13 Group Term Insurance Term insurance provided without a medical exam, to a specific group of people. The group may be employees of the same company or professional group. The employer may pay part of the premium. Usually less expensive than an individual policy.

14 Credit or Mortgage Group Life Insurance
Life insurance provided by a lender for its debtors. Provides enough coverage for an individual’s outstanding debts. If debtor dies while policy is in effect, proceeds are used to pay off the debt. Set up as a form of declining insurance.

15 Convertible Term Life Insurance
Life insurance that converts into cash-value life insurance, at your discretion, regardless of your medical condition and without a medical exam. This allows you to continue your coverage when your term expires.

16 Cash-Value Insurance and Its Features
Provides both a death benefit and an opportunity to accumulate cash value. Permanent type of insurance – you pay the premiums and eventually you will get paid. 3 basic types: Whole Life Universal Life Variable Life

17 Whole Life Insurance and Its Features
Provides a death benefit when the insured dies, turns 100, or reaches the maximum stated age. Face value is paid provided premiums were paid. In early years, deductions are made from the premium. The remaining goes into savings (cash value). The policyholder can borrow against the cash value. Nonforfeiture right gives the policyholder the policy’s cash value in exchange for giving up the death benefit.

18 Whole Life Insurance and Its Features
Modified Whole Life Premiums begin below comparable whole life and gradually rise until final premiums are above comparable whole life. Combination Whole Life Includes elements of whole life and decreasing term insurance. Face amount remains constant while coverage shifts from term to whole life.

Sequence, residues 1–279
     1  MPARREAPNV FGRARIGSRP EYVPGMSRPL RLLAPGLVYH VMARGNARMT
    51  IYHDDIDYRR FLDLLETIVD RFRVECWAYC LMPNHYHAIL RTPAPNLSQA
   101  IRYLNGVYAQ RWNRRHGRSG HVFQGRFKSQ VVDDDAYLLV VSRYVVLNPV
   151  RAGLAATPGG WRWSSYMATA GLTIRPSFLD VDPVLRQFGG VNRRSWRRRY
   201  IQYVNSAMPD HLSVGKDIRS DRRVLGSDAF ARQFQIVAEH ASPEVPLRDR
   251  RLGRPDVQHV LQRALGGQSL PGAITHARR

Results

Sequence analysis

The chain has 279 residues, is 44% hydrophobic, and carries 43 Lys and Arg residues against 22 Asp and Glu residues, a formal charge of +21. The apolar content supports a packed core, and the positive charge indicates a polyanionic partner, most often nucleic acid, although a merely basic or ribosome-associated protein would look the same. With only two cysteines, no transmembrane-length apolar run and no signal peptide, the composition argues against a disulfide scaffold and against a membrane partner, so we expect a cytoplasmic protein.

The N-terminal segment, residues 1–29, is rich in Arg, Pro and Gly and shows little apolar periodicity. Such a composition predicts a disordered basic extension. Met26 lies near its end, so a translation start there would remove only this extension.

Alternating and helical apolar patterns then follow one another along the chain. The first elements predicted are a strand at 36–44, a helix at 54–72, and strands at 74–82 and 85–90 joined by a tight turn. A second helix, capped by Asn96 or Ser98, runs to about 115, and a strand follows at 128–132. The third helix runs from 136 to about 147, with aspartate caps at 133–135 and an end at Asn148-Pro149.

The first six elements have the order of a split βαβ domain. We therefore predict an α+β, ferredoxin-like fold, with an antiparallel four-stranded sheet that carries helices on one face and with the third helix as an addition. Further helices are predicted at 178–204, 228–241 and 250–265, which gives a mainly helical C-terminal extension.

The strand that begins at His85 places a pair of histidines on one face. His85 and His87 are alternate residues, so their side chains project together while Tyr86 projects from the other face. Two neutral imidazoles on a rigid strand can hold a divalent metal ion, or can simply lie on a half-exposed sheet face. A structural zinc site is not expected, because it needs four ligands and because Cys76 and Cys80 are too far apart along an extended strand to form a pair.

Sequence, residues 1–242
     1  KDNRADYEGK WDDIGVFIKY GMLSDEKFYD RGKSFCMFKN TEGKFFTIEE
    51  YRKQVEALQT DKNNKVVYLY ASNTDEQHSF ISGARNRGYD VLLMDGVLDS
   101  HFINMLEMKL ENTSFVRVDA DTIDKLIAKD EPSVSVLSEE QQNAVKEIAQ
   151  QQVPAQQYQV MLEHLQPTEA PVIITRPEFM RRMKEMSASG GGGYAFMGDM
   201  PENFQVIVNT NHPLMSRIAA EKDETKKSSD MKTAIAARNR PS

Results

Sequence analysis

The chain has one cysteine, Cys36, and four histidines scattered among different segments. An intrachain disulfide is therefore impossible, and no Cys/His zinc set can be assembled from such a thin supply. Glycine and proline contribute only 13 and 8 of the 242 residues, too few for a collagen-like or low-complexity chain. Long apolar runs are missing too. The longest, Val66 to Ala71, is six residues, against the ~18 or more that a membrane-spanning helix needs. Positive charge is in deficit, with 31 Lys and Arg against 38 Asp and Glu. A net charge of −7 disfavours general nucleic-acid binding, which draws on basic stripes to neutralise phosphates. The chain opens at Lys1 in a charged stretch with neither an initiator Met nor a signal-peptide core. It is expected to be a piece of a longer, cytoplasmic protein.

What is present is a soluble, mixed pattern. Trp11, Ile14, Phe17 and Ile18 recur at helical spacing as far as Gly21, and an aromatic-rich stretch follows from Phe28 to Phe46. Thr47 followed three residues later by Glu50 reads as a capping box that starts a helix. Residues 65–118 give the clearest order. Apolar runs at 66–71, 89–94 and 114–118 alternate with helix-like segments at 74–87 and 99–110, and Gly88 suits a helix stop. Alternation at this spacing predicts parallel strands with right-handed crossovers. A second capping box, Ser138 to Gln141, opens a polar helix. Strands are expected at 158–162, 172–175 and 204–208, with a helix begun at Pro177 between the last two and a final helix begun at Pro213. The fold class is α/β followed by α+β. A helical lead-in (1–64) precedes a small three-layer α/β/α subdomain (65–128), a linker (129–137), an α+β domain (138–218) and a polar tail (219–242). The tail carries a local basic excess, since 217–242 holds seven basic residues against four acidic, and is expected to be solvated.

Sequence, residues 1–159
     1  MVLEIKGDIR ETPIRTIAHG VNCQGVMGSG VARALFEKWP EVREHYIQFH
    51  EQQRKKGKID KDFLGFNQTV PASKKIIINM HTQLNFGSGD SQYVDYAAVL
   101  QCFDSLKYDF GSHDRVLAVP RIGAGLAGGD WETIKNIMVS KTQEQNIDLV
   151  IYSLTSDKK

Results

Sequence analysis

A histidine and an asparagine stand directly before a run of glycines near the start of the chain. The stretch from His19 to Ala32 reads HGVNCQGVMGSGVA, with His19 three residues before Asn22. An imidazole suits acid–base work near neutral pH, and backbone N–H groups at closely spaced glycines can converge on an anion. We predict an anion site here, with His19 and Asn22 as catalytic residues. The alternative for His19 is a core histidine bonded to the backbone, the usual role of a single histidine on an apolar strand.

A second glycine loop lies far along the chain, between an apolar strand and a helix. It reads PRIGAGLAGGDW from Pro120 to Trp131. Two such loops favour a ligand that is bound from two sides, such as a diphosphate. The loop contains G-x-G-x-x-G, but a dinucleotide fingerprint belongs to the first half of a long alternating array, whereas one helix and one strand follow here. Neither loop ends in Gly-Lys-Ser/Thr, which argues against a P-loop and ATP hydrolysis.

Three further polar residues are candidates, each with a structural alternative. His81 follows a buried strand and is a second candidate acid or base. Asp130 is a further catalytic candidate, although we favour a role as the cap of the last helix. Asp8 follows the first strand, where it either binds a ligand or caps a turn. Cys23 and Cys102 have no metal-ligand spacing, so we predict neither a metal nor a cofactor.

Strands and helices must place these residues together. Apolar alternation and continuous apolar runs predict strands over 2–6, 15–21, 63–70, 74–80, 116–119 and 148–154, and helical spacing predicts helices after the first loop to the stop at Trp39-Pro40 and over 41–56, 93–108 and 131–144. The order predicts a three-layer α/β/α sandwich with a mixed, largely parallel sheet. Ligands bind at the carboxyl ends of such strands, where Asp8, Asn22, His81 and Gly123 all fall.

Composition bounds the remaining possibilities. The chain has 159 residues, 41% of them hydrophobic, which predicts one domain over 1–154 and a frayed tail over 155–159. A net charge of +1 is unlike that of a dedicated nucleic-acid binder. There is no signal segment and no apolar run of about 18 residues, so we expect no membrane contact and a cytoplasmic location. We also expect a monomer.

19 Whole Life Insurance and Its Features
Although it does provide for both savings and permanent needs, there are disadvantages of whole life: Not the same level of death protection that term insurance provides for the same price. Yield on the cash value investment portion of the policy isn’t competitive with yields on alternative investments.

20 Universal Life Insurance and Its Features
A type of cash-value insurance combining term insurance with tax-deferred savings with flexible premiums and benefits. Pay the dictated premium which goes into savings, once expenses and mortality charges are subtracted. Policyholder can increase or decrease the premiums to affect the cash value of the policy.

21 Universal Life Insurance and Its Features
Universal life funds have 3 parts: The mortality charge or term insurance The cash value or savings Administrative expenses With fluctuating returns and high expense charges, you may not end up with the anticipated amount of savings.

22 Term Versus Cash-Value Life Insurance
For most individuals, term insurance is the better alternative. It provides life insurance needs at a low cost. The advantage of cash-value insurance is the tax advantages. Growth of the cash-value is tax-deferred. Life insurance is not considered part of your estate.